Regarding the adoption of children by queer couples, the Chief Justice stated that unmarried couples, including queer couples, can jointly adopt a child. He directed the Union Government, State Government, and Union Territories not to discriminate against the right of the Queer community to enter into unions.
The Chief Justice also instructed the Union Government to form a committee to determine the rights and entitlements of individuals in queer unions. The committee should consider including queer couples as a family on ration cards, allowing them to nominate joint bank accounts, and securing rights related to pension and gratuity. The report of this committee will be examined at the Union Government level.
In a concurring judgment, Justice Sanjay Kishan Kaul stated that legal recognition of same-sex unions represents a step toward marriage equality, but he emphasized that marriage is not the final destination. He argued for the preservation of autonomy as long as it does not infringe on the rights of others.
Justice Ravindra Bhat and Justice Narasimha dissented with the Chief Justice on various aspects of the judgment. Justice Bhat contended that there is no unqualified right to marry, but there is a right to a relationship, which falls under Article 21 and includes the right to choose a partner and enjoy physical intimacy, privacy, and autonomy. However, Justice Bhat asserted that the court cannot create a legal framework for queer couples; this responsibility falls to the legislature. He argued that while queer individuals have the right to choose their partners, the State is not obligated to recognize the full range of rights stemming from such unions.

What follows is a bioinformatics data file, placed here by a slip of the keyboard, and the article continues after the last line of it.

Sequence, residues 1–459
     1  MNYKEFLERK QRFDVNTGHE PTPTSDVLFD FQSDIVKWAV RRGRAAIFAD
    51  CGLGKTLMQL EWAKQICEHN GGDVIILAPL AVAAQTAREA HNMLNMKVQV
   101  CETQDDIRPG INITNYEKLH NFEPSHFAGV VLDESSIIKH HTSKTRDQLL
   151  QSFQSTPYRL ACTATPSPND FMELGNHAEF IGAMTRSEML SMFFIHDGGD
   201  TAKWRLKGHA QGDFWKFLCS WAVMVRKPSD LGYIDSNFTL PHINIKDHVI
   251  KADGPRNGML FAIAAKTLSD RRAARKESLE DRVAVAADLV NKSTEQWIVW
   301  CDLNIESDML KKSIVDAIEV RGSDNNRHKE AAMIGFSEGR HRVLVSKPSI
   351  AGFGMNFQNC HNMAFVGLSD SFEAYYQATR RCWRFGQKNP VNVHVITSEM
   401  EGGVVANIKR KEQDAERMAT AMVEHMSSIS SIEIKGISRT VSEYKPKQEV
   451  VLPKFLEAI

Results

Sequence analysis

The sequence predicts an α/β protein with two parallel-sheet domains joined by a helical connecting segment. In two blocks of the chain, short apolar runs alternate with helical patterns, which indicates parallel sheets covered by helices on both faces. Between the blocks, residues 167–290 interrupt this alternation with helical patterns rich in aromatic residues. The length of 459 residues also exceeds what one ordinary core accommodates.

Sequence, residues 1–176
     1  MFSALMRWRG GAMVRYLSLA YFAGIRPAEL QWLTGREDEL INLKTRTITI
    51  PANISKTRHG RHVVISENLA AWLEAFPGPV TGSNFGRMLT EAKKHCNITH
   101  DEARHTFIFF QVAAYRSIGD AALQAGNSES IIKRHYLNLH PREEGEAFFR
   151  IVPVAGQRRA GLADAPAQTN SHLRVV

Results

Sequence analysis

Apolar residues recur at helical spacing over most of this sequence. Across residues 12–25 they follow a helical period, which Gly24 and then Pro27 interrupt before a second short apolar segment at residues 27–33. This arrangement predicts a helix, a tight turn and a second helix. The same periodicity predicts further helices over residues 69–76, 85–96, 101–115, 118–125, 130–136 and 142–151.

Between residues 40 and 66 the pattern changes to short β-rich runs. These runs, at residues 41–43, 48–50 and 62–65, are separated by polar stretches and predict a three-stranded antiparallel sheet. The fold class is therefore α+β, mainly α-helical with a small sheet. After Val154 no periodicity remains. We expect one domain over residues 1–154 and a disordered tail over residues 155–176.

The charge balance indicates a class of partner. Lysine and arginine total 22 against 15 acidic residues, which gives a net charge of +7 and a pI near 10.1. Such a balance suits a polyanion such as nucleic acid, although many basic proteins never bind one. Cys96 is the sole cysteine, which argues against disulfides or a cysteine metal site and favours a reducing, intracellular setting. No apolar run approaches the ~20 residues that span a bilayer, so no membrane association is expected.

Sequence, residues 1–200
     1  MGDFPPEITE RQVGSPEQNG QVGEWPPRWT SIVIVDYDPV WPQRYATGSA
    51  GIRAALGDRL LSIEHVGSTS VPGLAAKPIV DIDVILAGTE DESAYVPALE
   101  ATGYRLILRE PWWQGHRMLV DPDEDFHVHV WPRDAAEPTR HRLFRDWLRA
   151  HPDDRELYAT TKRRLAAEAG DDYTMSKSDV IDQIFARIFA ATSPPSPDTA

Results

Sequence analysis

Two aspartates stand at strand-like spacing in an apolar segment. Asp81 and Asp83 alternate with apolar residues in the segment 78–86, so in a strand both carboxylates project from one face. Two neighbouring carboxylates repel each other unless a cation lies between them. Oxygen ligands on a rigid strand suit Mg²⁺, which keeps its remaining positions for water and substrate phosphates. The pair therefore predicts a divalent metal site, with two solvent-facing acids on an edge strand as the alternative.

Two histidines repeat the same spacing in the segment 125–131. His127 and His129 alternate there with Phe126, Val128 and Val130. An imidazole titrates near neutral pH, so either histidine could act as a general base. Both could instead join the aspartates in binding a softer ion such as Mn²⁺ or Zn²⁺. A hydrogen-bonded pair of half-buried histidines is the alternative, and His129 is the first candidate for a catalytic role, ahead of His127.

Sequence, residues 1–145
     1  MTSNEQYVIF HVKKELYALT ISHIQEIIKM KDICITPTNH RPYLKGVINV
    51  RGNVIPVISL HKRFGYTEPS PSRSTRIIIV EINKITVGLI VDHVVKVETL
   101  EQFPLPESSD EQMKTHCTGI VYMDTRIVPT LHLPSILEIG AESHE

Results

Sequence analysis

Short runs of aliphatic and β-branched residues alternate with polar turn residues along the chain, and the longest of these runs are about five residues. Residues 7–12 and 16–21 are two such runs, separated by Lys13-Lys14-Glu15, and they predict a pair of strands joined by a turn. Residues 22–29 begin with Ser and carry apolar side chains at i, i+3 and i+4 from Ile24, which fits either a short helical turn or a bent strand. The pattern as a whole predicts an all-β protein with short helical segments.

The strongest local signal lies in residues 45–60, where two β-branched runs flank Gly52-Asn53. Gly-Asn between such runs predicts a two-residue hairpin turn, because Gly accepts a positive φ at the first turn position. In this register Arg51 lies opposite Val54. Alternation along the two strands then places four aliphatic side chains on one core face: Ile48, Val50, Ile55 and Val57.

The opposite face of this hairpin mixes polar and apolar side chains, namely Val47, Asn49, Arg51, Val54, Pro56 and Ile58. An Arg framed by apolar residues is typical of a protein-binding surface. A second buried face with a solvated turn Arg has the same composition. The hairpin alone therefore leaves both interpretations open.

Justice Bhat also raised concerns that a gender-neutral interpretation of the Special Marriage Act may not always be equitable and could unintentionally expose women to vulnerabilities. The terminology, such as "wife" and "husband," serves to protect the vulnerable, particularly women facing domestic violence.
In conclusion, Justice Bhat emphasized that there is no absolute right to marriage, and legal recognition of civil unions can only be achieved through enacted law. However, these findings do not negate the right of queer individuals to enter into relationships.
The views of Justice Hima Kohli and Justice Narasimha aligned with those of Justice Ravindra Bhat.
This significant decision arose from a batch of petitions pertaining to marriage equality rights for the LGBTQIA+ community, and it marks a turning point in the legal landscape. The order had been under consideration since May 11, following comprehensive arguments from all parties.
The Constitution bench commenced hearings on April 18, spanning nearly ten days. It was made clear that the issue would be addressed under the provisions of the Special Marriage Act, without delving into personal laws. Despite opposition from the Center, which referred to it as an urban elite concept, the court disagreed. The Center had indicated a willingness to examine issues related to providing certain rights to LGBTQIA+ individuals but opposed legal recognition for same-sex couples.